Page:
The Washington Post, Nov. 21, 2022
Have We Been Measuring Housing Inflation All Wrong?
If you’re on a two-year lease, or you’re a long-term renter with a good relationship with your landlord, does the change (or lack of it) in your rent accurately reflect what’s going on with the cost of housing? Probably not, argued economists Brent W. Ambrose and Jiro Yoshida of Pennsylvania State University and N. Edward Coulson, [professor of real estate], of the University of California, Irvine in a series of papers, the first of which appears to have begun circulating in 2012 …. [Subscription required, campus-wide access provided by UCI Libraries. Sign-up here: https://guides.lib.uci.edu/news/post]
Los Angeles Times, Nov. 17, 2022
UC Berkeley, Stanford join top law schools’ boycott of U.S. News & World Report rankings
UC Berkeley and Stanford law schools have announced they will withdraw from U.S. News & World Report’s closely watched rankings of higher education institutions, saying the ratings’ methodology penalizes schools that encourage public service and low costs. … UC Irvine Law Dean Austen Parrish said the law schools that dropped out of the rankings “raise important long-standing concerns” about the service, which his institution is evaluating. [Subscription required, you can request an electronic copy of the article by sending an email to firstname.lastname@example.org.]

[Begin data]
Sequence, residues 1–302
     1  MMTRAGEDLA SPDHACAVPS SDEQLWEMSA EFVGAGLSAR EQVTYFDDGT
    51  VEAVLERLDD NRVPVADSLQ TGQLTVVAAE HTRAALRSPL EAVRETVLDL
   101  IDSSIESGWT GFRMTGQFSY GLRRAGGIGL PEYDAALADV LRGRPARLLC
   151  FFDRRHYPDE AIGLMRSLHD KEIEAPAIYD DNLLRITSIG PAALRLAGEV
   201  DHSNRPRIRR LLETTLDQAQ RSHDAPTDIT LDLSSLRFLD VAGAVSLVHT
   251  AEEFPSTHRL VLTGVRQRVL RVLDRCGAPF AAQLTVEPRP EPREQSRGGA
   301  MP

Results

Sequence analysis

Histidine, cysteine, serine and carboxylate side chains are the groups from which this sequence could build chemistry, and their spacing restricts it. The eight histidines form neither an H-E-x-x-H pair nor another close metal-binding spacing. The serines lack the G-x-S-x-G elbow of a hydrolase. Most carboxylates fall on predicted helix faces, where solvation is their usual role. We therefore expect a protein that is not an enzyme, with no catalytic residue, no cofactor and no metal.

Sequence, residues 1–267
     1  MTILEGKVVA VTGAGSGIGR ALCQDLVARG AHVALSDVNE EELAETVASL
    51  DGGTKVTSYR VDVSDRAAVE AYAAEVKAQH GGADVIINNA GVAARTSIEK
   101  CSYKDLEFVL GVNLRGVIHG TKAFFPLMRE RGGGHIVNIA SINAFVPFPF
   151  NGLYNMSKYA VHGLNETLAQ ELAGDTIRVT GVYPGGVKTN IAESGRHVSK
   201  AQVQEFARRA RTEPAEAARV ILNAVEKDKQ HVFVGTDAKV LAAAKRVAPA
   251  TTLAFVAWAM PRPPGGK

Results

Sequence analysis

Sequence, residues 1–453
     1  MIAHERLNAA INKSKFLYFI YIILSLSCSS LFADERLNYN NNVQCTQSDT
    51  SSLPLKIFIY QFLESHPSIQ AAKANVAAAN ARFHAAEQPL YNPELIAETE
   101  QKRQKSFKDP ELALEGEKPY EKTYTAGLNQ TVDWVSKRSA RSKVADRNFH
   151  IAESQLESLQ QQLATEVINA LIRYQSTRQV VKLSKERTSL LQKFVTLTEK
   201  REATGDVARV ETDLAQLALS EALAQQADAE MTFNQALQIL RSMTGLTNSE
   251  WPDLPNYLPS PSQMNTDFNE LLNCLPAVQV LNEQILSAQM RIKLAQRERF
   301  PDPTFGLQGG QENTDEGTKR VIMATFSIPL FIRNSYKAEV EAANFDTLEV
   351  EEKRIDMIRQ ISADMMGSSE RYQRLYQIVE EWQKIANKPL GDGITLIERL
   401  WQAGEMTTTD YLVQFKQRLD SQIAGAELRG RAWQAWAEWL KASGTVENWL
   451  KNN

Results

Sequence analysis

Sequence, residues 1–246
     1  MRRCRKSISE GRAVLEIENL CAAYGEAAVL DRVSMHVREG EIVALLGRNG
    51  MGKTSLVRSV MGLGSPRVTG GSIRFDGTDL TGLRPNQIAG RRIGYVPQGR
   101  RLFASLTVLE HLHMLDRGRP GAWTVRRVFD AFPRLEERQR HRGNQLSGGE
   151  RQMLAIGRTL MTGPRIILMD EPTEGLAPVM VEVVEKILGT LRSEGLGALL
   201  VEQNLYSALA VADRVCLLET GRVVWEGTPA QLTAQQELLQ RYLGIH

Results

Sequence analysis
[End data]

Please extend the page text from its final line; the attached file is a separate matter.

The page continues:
Healthline, Nov. 18, 2022
Lab-Grown Meat Gets One Step Closer to the Grocery Store After FDA Gives OK
According to Ian Smith, a research professor at University of California Irvine, Department of Neurobiology and Behavior, lab-grown meat production is still in the early stages and there are many more hurdles that need to be addressed in order to bring an economically-viable product to market. “This is exciting for the field. The FDA and USDA are collectively the regulatory authorities that are providing oversight to this particular market so the FDA declaring they have no safety concerns is a big stride forward,” Smith told Healthline.
CalMatters, Nov. 21, 2022
Mentally ill prisoners in California are three times likelier to get shuffled around
California state prisons transfer people with serious mental illness far more frequently than other prisoners — sometimes moving them dozens of times — a CalMatters’ analysis of newly acquired state data has found. … One person, who was in and out of the mental health program, moved 75 times during the six-year period. The data does not identify any individuals. “That doesn’t surprise me at all,” said Keramet Reiter, a criminology professor at the University of California, Irvine. “The seriously mentally ill people … bounce around a bit.”
The Academic Minute, Nov. 21, 2022 (audio)
Joshua Rhee, University of California, Irvine – Tobacco and Cannabis Retailer Locations
On this Student Spotlight: Location matters, especially so for tobacco retailers. Joshua Rhee, Ph. D student in Public Health at the University of California, Irvine, discusses why location matters so much to certain communities.
Previously “In the News”